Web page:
Naturally, this means the rest of the maindeck is less black-heavy as well, omitting Hymn to Tourach and Liliana. Even if it might be able to support double-black off of Deathrite Shaman, you have to be able to cast your cards when facing Lightning Bolt and Wasteland. There’s some Liliana action in the sideboard, but I imagine it’s for matchups where Deathrite is more likely to live, your Underground Seas are more likely to stick around, and your mana has more time to fix itself in general.

As someone with little experience piloting Team America, but a lot of experience playing RUG, I like the look of this and would feel comfortable running it cold.

Nic Fit

A few weeks ago, I recorded a video set with this deck, which you can find here.

At the time, I hadn’t had much experience with Tasigur, but I speculated that Nic Fit might be the perfect home. After all, it doesn’t care much about its graveyard (which it fills with discard and removal), it has plenty of extra mana laying around for extra activations, it actually prefers a larger casting cost on its beaters (at least enough to survive Pernicious Deed), and between Scavenging Ooze and Deathrite Shaman it has some control over its own graveyard. Tasigur and a Sensei’s Divining Top creates quite the filter/draw engine.

To make room, I cut the Skeletal Scrying (which occupies the same space) and the Courser of Kruphix, which I didn’t mind drawing naturally but never found myself Green Sun’s Zenithing for. Since Tasigur costs about the same as Courser and also does good things with Top, I figured there might be some overlap there.

So far, the Golden Fang has been fine, but not amazing. The ability doesn’t affect the board, and not being able to pick the card sucks. When you need something specific as opposed to raw card advantage, which is often the case in Legacy, Eternal Witness is a much stronger card. It’s one thing to say “well we have Scavenging Ooze to control it a bit,” but if you have an active Scavenging Ooze, a 4/5, and several turns on hand then you probably don’t need much help winning the game.

And that’s the real trick. Synergy is nice, but cards need to be useful in and of themselves, and at its base Tasigur is just a body too much of the time in a deck that needs more from its cards than “just a body.”

On a strictly power-level basis, it’s weaker than Skeletal Scrying, and I’m guessing I’ll switch back sometime in the next week or so (giving Tasigur his fair shake first). I’ve been about as happy with Tasigur as I was with Courser (they’re both fine), but I would like at least one more Green Sun’s Zenith target in the 3-4 range to increase options early on and so that I don’t run out of threats in the control mirrors.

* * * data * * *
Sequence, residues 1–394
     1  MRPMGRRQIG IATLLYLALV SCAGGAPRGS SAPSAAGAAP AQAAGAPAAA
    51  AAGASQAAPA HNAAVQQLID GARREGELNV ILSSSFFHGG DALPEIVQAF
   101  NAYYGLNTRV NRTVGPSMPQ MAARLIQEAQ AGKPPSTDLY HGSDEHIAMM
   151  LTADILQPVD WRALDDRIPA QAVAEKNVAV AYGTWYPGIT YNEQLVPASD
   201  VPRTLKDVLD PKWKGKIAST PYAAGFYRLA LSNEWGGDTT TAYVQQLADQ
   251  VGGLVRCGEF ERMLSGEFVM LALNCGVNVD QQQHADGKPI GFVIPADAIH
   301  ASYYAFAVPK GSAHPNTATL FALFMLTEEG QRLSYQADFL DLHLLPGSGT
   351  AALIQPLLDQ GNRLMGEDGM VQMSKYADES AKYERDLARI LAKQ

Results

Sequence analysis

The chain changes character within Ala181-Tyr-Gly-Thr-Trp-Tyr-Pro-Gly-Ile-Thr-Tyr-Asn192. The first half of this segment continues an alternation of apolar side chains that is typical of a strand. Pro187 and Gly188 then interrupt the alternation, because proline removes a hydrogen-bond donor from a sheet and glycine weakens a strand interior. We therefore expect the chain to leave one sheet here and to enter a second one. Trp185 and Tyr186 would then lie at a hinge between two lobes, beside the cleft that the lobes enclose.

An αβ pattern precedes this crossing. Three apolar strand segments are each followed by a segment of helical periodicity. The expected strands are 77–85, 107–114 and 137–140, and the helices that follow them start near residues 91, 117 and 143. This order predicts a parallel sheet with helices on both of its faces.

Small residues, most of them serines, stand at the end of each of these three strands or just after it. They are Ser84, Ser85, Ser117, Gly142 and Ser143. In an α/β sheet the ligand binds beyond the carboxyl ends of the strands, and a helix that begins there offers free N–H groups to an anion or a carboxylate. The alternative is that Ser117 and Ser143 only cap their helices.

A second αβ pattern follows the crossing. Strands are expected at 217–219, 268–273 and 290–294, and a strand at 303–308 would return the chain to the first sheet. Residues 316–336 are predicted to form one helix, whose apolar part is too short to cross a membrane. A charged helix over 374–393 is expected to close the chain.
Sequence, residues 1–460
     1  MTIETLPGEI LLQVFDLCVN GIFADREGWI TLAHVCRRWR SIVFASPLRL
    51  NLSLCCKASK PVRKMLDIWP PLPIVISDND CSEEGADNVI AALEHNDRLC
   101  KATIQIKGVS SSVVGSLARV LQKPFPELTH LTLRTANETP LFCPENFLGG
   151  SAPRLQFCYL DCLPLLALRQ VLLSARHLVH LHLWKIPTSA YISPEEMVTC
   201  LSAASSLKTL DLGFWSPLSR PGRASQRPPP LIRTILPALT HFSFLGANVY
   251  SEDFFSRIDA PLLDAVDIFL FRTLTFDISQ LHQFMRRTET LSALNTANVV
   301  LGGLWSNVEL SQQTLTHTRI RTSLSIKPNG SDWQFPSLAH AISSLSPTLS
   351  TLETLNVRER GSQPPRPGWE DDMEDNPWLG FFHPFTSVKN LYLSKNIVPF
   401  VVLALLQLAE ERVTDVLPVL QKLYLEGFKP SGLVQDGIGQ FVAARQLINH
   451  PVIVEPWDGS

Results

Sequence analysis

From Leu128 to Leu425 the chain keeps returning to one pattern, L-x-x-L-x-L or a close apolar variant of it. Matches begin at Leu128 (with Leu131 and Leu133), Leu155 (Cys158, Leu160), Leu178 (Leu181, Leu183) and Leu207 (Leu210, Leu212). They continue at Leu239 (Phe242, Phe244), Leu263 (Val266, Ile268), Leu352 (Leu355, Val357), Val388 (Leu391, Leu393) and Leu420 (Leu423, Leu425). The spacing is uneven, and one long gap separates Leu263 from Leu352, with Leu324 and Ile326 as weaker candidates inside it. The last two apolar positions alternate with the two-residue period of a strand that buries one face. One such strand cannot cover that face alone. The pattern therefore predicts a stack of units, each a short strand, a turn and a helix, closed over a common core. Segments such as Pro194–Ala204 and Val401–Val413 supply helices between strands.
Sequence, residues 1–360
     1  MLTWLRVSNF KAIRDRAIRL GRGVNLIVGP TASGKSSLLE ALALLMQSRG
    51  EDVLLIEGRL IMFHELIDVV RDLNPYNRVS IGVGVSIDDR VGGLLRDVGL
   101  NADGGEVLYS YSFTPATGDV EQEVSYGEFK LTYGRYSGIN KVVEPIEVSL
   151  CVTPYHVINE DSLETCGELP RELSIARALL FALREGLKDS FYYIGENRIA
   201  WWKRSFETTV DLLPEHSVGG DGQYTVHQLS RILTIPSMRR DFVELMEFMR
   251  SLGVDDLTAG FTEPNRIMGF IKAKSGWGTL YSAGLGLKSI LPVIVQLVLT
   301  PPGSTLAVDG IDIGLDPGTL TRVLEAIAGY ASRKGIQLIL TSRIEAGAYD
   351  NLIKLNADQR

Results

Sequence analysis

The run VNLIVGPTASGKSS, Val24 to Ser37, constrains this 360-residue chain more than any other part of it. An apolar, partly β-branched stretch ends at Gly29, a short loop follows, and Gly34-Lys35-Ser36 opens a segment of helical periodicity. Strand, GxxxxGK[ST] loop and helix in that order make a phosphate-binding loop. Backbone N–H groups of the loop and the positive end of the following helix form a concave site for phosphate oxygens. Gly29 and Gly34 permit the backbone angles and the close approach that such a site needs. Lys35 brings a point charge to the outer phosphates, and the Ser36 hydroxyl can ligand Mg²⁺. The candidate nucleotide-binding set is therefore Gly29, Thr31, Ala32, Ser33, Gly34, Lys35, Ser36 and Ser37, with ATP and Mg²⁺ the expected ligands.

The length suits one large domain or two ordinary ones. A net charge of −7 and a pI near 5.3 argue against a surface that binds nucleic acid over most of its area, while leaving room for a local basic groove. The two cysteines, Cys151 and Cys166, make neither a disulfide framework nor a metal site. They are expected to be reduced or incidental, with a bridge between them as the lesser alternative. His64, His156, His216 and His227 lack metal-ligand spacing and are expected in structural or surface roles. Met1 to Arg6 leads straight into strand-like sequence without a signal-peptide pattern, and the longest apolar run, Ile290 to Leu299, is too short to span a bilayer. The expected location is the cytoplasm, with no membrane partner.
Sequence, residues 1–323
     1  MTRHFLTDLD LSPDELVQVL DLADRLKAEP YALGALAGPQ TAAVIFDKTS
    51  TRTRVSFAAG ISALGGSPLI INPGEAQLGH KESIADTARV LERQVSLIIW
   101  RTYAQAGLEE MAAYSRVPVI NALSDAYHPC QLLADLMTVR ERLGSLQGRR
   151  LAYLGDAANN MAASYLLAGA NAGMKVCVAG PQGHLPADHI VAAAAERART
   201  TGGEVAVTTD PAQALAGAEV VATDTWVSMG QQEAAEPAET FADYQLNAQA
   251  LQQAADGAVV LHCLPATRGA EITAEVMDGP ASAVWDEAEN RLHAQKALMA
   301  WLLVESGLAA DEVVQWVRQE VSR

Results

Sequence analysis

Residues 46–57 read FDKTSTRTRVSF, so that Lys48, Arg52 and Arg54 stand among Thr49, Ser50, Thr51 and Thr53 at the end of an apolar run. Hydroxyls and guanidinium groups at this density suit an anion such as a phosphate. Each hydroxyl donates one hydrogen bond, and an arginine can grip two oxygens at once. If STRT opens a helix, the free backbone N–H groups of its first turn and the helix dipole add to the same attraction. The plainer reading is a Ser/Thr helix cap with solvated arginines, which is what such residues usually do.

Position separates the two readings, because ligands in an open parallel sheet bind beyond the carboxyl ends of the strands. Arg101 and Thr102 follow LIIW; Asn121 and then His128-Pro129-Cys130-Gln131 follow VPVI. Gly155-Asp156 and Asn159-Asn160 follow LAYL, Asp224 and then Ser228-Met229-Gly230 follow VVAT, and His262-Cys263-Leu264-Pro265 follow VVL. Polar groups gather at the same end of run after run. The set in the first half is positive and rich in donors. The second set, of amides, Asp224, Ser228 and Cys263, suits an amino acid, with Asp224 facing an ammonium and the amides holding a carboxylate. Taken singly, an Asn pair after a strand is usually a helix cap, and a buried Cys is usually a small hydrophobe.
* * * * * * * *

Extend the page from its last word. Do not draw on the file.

In the past, the card that’s served that role best is Thrun, but Thrun is way worse than Thragtusk against Miracles thanks to Terminus, and it’s particularly bad in a metagame full of True-Name Nemesis. For now, I’m happy with the miser’s Tasigur.

I guess it all goes back to my initial analysis of Tasigur. In Legacy, it’s a fine card. Not blow-your-socks-off degenerate, but fine.

Modern is a different story. For starters, True-Name Nemesis doesn’t exist, and a 4/5 body goes a little further.

Resilience to Abrupt Decay and Lightning Bolt matters even more than it does in Legacy. I’m not sure if it’s enough to play Tasigur Junk over the more classic Dark Confidant lists or even the Birds of Paradise-powered Doran list I wrote about here.

In the end, the decision is so close that I think if you’re playing a deck with:

4 Tarmogoyf
2-3 Scavenging Ooze
3-4 Liliana
2-3 Lingering Souls
Some number of spot discard
4 Abrupt Decay
1-3 other spot removal
4 Siege Rhino

Then the rest of your list doesn’t matter much, and familiarity with your card choices matters more than the actual choices themselves. If I were qualified for this Pro Tour, I would play a list within a card or two of the list I wrote about, but while it has its strengths it isn’t demonstrably better or worse than the other options.

In my mini-guide on UWR Twin, people were suggesting Grixis Twin. I like Tasigur in Twin a good deal better than Tarmogoyf mostly because it has a somewhat useful ability (Twin can often grind people out like a normal Magic deck), and the addition of black solves a lot of problems for Twin that green doesn’t, with discard to clear the way and Dismember/Terminate to answer cards like Spellskite and Tarmogoyf, which can prove troublesome for typical UR Twin.

As far as BUG goes, Tasigur’s strengths and weaknesses will mirror how it’s built, just like in Legacy. Tempo-oriented Delver builds will get him into play faster but activate him less often while getting back less powerful cards, while grindier lists will get a slightly more powerful activated ability.

Where do you see Tasigur going from here? Is there a hot list I forgot to mention?

Caleb Durward